This year’s Coworking Europe Conference took place in the colorful and vibrant city of Dublin from November 8 – 10th. We, a delegation of 15 Swiss members, joined the conference from the very beginning. Aside from the great workshops and speeches, the conference allowed time to converse with plenty of attendees. Many of them were regulars, but there were surprisingly many newbies and even some interested in the idea to start a new space in the near future, which supported the curious and bustling spirit of this year’s conference. I liked it.

Another tendency we observed, is that ever more corporate businesses are planning to open coworking spaces themselves. They have the money and often the real estate. Surveys show that the big challenge they face is operating the space: the required community management, how to deal with potential members, and so on. The security of the corporate environment is an major issue when opening up to the public. Therefore, they are still cracking their heads about the implementation of an open space inside their corporate environment. At the conference they were asking for advice and assistance from already established independent operators.

Speaking of community management…: as every year, the newbies were specially interested in discussing the meaning of community in general. Gladly, that discussion was detained almost immediately and the newbies were instructed to gather with professionals in order to receive further information about the matter. A very wise decision! We spent so much time discussing this the year before and the one before… and finally came to a fine definition.

According to some voices of the community, more and more coworking spaces are opening in cities and urban areas, becoming too big and too crowded. Members don’t feel comfortable anymore and start looking for spaces in suburban or rural areas. That’s why many small spaces are winning over more members lately. The timing for Village Office could not be better. Regular coworkers are heading for smaller spaces with a familiar atmosphere and running a space in an area, in which people live with their families, is therefore a plausible alternative.

Also office spaces like Regus (they bought the brand “Spaces”) or hotels are getting curious about the coworking movement.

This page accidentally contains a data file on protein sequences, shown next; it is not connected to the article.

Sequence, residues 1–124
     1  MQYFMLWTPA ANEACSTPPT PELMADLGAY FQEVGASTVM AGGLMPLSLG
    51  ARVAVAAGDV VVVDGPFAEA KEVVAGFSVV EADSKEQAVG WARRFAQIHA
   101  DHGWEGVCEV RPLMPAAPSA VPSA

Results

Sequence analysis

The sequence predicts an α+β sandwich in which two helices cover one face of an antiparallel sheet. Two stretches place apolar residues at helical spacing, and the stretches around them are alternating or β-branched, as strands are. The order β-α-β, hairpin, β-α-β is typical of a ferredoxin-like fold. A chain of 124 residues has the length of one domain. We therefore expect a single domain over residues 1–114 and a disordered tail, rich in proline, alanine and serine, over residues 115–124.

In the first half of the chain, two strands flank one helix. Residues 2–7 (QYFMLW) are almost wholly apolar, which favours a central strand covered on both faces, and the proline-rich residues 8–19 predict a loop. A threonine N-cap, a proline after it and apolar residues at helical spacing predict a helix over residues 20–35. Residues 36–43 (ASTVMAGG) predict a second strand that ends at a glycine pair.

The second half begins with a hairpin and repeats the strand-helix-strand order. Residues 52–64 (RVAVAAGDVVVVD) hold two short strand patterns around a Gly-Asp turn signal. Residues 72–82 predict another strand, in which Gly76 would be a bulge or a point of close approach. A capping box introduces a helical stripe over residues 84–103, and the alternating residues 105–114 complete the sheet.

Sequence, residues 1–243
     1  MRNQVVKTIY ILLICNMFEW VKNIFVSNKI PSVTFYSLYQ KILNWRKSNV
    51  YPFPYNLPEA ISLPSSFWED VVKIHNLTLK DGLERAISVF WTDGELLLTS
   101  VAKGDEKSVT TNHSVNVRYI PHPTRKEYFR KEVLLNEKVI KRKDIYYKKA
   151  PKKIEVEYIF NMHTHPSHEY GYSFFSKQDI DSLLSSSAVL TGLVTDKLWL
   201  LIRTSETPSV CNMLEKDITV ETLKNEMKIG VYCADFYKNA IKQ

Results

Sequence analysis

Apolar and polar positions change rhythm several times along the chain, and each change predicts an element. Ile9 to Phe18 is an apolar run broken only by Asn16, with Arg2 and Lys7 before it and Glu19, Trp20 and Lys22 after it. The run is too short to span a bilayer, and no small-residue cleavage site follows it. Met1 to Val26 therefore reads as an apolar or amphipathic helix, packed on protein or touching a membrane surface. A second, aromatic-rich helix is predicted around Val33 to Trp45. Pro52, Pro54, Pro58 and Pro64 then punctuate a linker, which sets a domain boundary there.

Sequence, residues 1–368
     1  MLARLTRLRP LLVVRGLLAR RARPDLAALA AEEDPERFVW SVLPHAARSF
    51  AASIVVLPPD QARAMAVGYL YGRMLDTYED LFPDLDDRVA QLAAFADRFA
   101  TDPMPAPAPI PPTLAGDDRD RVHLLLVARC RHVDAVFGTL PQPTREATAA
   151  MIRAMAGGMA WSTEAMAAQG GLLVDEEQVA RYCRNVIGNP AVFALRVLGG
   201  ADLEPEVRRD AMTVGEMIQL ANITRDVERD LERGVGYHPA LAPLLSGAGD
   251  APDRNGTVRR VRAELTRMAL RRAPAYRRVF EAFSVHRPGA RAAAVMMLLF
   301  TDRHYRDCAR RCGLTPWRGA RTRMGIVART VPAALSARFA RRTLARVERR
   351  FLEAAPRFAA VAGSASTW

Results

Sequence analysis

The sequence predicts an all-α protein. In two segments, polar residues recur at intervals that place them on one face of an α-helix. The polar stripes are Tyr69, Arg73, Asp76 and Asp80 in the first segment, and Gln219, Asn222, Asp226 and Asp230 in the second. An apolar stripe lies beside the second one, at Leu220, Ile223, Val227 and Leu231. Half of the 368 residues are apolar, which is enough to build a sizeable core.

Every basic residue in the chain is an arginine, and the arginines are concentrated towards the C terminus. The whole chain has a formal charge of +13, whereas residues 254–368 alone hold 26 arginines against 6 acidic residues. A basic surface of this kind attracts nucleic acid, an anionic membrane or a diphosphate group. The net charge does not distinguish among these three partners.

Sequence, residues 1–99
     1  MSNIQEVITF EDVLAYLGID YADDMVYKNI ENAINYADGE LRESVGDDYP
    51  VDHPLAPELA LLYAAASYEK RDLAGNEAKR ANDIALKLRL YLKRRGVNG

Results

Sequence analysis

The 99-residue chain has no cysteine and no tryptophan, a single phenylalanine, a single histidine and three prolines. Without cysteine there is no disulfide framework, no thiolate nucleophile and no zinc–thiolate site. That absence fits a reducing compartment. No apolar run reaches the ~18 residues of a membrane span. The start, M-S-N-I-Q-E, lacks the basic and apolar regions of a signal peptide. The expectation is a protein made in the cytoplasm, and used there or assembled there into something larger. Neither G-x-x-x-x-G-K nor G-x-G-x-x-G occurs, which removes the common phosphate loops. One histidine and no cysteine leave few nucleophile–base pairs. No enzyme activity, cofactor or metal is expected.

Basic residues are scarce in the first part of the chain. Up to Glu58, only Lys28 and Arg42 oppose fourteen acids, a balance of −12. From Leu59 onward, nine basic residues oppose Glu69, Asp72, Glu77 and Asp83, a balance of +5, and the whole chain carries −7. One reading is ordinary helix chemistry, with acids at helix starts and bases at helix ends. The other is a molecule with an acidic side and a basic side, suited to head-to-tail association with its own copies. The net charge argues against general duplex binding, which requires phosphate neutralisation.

Yet another highlight of the conference was Carsten Foertsch’s ( Deskmag) presentation of the Global Survey. This year he drew attention to the European region, which was very enlightening (download it here). Fact number 15.2 surprised me a lot: on average, the lease of the location sums up to 40% of running costs. The reason for which a lot of operators struggle to keep their space running. Nevertheless, when you look around in cities centres, you find empty locations all over the place, particularly in Switzerland. In our beautiful country, real estate owners rather leave their space empty then open them up for projects like coworking spaces. I assume that will change in the future. The rest of the survey showed the tendency of fast growth for the coworking movement, but it will shift to stability soon. It’s not a hype anymore.

The bottom line: It’s a good time to open a space. There are investors that like the movement and are eager to support operators. Landlords are looking into possibilities with a different approach for their real estate. Large companies need to work closely together with the community, but they still struggle and don’t know how to handle them. It will be an exciting experience for both parties. Although we are moving into a stable phase of the coworking movement, the future will have some changes in store for operators and the community. I’m looking forward to visit next year’s conference and see what changed. Exciting times.

Resources to more insight in the global coworking movement: